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CORRESPONDENCE
Year : 2015  |  Volume : 11  |  Issue : 4  |  Page : 914-916

Transformation from atypical chronic myeloid leukemia to chronic myelomonocytic leukemia as progression of myeloid neoplasm with platelet-derived growth factor ß rearrangement


Department of Haematology, The Affiliated Hospital of Qingdao University, Qingdao 266003, China

Date of Web Publication15-Feb-2016

Correspondence Address:
Zhan Su
Department of Haematology, The Affiliated Hospital of Qingdao University, Qingdao 266003
China
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Source of Support: None, Conflict of Interest: None


DOI: 10.4103/0973-1482.160922

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 > Abstract 

Myeloid neoplasms associated with platelet-derived growth factor b (PDGFRB) rearrangement usually keep only one morphologic type unless blast crisis. We describe a unique case of hematological features transformation from atypical chronic myeloid leukemia to chronic myelomonocytic leukemia, and imatinib showed no clinical therapeutic effects. The phenomenon indicates that different types of myeloid neoplasms associated with PDGFRB rearrangement can transform into one another with the progression of the disease, and to some extent, this transformation suggests the aggravation of disease.

Keywords: Morphology, myeloid neoplasm, platelet-derived growth factor b, transformation


How to cite this article:
Shi X, Su Z, Zhao C, Feng X. Transformation from atypical chronic myeloid leukemia to chronic myelomonocytic leukemia as progression of myeloid neoplasm with platelet-derived growth factor ß rearrangement. J Can Res Ther 2015;11:914-6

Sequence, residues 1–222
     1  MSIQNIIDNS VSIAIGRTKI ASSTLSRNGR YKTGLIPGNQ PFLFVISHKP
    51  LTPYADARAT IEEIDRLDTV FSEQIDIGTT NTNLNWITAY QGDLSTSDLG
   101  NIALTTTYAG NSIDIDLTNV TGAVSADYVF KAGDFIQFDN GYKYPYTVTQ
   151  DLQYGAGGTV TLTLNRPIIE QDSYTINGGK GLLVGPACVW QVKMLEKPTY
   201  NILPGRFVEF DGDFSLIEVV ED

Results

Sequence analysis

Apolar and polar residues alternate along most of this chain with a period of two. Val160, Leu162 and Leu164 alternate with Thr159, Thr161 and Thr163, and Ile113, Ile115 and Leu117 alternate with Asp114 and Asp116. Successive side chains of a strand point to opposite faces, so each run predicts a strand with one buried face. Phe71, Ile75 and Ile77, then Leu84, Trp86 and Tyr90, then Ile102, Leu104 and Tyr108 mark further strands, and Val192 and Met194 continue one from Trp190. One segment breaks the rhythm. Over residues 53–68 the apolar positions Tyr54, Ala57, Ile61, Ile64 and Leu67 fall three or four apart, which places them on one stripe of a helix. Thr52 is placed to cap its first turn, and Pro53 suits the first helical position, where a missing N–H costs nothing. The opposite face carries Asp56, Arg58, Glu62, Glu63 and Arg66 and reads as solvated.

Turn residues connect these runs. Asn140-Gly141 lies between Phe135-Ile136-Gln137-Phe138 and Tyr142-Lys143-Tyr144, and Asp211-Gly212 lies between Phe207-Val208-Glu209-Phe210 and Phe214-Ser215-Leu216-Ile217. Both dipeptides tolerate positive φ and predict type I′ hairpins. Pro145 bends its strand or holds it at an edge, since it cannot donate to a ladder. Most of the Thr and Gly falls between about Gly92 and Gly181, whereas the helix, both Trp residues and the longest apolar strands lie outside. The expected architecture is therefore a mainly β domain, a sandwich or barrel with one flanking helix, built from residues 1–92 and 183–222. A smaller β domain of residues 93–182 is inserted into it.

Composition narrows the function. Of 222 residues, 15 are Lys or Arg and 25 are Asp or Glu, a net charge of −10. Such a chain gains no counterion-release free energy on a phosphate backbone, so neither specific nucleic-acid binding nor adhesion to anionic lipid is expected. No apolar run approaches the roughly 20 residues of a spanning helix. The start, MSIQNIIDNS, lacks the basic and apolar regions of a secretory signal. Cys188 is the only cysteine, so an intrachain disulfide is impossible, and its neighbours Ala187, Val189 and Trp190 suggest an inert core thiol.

How to cite this URL:
Shi X, Su Z, Zhao C, Feng X. Transformation from atypical chronic myeloid leukemia to chronic myelomonocytic leukemia as progression of myeloid neoplasm with platelet-derived growth factor ß rearrangement. J Can Res Ther [serial online] 2015 [cited 2021 Jan 16];11:914-6. Available from: https://www.cancerjournal.net/text.asp?2015/11/4/914/160922


 > Introduction Top


In recent years, the rearrangements of platelet-derived growth factor β (PDGFRB) gene at chromosome band 5q33 were recognized in some myeloproliferative neoplasms (MPNs) and myelodysplastic syndromes/MPNs (MDS/MPN) cases. [1] Acute leukemias, even concurrent acute myeloid leukemia, and T lymphoblastic lymphoma were also founded. [2] These patients had a very good response to the treatment of tyrosine kinase inhibitor. Therefore, WHO 2008 classification singled these diseases out and defined them as myeloid neoplasms associated with PDGFRB rearrangement. Usually, these entities keep only one sort of cell morphology type ahead of blast crisis. Here, we report a rare case transforming from atypical chronic myeloid leukemia (aCML) to chronic myelomonocytic leukemia (CMML), and to our knowledge, there's no literature exhibited at present.


 > Case report Top


A 37-year-old man was admitted to hospital presenting with the symptom of abdominal distension for 3 months in May 2010, and because of aggravating for 2 months in July 2012 successively.

The first admission

Physical examination revealed mild splenomegaly. Blood count showed white blood cell (WBC) 150 × 109/L, hemoglobin (Hb) 127 g/L, platelet (PLT) 192 × 109/L. The blood film showed blasts 0%, myelocytes 4%, metagranulocytes 18%, stab cells 20%, segmented neutrocyte 46%, lymphocyte 10% and monocyte 0%. Bone marrow aspirate smear showed hypercellularity with prominent granulocyte proliferation, in which myeloblasts took up of 0%, progranulocytes 0.5%, myelocytes 9%, metagranuiocytes 20.5%, stab cells 23%, and segmented neutrocyte 32%, and monocyte 0% [Figure 1]. Immunophenotype displayed CD33 87.3% and negative for CD14. G-banded analysis revealed the karyotype of 46, XY, t(5;12)(q33;p13), without Philadelphia chromosome. Bcr/abl fusion gene detected the negative by molecular genetic analysis. Fluorescence in situ hybridization detection found the ets variant 6 (ETV6)/PDGFRB rearrangement. According to the WHO classification, a diagnosis of myeloid neoplasm associated with PDGFRB rearrangement (with hematological features of aCML) was made. The patient was treated with hydroxyurea, and maintained WBC < 10 × 109/L, with normal Hb and PLT count. One year later, the patient stopped hydroxyurea himself.